The Meyer lemon tree I ordered early this year is blooming. Actually, it first bloomed during the summer, and while I noticed it, there was a ton of other garden stuff occupying my mind. So much so that I forgot that lemons need to be hand pollinated in my part of the world, since whatever insect normally performs the service for lemons doesn't live where I do. When I remembered that I was supposed to be a proxy in plant sex, it was too late, and I was sad to see that no fruit had been set.
So I was pretty psyched to notice little buds all over the tree when it was time to pull it inside for the winter. The tree was giving it another go! Now I'm servicing the blooms once a day with a tiny paintbrush. They are amazingly fragrant and sweet-smelling. Being a novice at sex surrogacy for lemon trees, I'm not too sure of my technique. Do lemon blossoms like it rough or delicate? Are they chaste (prefer pollen from the same blossom), or lascivious (pollen from as many blossoms as possible, thank you)? I'm hoping that what I lack in finesse and experience I can make up in diligence. Also, I'm pampering the tree with good nutrition by regular feedings with worm tea from our worm bin.
It's pretty thrilling to look at all the buds on the tree and imagine that even half of them may turn into lemons. Which reminds me of the old adage about unhatched chickens. Still, it's hard not to be a bit giddy about the prospect of homegrown Meyer lemons. It also makes me think about seasonality. I think lemons normally ripen in late winter. So strange to think of a fruit, especially the lemon, ripening at that time of year. I associate lemons so much with lemonade and summer drinks. Just goes to show you how out of touch we are with the food we eat. Lemons in winter? Guess that'll mean lemon curd.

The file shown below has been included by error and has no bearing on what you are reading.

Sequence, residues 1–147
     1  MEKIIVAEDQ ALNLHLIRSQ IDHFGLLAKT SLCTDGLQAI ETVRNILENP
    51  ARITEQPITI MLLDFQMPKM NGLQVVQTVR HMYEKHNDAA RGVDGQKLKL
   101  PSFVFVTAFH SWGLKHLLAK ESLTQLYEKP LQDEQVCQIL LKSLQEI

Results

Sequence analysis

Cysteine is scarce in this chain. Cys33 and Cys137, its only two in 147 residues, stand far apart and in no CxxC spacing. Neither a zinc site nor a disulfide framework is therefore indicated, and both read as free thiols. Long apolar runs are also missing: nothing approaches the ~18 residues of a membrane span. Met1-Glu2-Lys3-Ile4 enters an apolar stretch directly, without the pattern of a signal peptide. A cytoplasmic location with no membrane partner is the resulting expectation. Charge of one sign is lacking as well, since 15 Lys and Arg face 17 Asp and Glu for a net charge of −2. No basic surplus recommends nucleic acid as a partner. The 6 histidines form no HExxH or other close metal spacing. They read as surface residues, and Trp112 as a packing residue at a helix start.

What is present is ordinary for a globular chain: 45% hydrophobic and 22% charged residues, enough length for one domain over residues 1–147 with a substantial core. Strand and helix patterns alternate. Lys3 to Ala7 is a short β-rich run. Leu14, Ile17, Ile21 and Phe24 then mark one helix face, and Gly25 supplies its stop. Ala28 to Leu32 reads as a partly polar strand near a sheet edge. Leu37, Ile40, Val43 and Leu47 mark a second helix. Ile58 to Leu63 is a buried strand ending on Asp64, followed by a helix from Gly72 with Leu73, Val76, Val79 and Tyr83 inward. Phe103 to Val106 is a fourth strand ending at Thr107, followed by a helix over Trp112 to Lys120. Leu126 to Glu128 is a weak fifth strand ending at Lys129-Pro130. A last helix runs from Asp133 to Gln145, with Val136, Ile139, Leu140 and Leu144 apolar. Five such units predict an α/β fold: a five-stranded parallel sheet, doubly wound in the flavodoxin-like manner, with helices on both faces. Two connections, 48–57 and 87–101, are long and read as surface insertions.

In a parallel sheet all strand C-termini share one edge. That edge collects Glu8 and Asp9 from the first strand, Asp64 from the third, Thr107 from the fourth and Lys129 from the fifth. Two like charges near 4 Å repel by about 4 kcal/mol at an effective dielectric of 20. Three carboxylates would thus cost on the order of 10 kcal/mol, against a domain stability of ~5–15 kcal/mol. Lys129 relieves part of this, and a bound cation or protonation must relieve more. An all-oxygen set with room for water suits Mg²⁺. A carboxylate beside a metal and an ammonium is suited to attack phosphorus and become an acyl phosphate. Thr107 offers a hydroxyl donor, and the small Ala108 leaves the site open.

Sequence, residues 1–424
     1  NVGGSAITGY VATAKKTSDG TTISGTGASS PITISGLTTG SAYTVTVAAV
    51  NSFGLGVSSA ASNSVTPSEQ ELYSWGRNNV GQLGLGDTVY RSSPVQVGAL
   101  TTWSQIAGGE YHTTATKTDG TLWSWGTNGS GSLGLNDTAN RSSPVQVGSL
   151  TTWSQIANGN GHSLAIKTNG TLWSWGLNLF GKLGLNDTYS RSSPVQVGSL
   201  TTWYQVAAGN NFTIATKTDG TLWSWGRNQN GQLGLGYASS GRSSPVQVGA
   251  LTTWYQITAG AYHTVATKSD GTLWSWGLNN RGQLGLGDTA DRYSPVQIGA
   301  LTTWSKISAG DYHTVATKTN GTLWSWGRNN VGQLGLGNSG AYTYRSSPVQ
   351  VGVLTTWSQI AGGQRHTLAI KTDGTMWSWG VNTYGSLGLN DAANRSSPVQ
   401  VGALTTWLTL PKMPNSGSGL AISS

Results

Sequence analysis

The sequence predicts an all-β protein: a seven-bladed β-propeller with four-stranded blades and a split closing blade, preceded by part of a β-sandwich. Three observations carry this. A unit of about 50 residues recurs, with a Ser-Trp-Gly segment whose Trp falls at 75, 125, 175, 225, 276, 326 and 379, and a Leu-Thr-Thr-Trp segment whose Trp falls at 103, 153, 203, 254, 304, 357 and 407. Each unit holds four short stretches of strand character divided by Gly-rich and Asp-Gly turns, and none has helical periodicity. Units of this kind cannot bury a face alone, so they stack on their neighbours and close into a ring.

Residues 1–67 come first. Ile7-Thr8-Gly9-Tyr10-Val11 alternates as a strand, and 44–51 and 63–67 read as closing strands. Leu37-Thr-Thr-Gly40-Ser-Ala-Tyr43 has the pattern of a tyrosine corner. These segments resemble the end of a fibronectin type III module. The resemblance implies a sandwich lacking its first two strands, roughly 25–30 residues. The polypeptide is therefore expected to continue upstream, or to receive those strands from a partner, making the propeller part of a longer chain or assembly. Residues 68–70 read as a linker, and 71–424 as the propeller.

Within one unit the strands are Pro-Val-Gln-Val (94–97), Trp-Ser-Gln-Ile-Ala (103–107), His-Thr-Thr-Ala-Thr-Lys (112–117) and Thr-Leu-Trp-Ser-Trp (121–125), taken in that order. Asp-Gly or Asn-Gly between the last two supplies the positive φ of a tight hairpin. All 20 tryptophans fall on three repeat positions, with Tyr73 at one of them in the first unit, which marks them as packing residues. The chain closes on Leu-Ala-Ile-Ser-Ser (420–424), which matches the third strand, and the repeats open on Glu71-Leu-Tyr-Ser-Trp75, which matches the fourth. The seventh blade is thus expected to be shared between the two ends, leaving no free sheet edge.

I'll definitely let you know if we get any fruit from the tree. In the meantime, if any of you have lemon trees I'd love to hear any tips you have for keeping them happy and productive, and what time of year you get a harvest.
I live on a 2/3 acre homestead in a residential neighborhood. A major goal is to demonstrate how much food a non-expert can produce in my particular climate and hardiness zone, with the soils native to my immediate area. We have gardens of annual and perennial plants, keep laying hens and honey bees, and regularly bite off more than we can chew. Another major goal is to pay off our mortgage as fast as possible. Here I blog about frugality, self-reliance, gardening, cooking and baking, food preservation, practical skills, half-baked experiments, and preparing to thrive in a lower-energy future.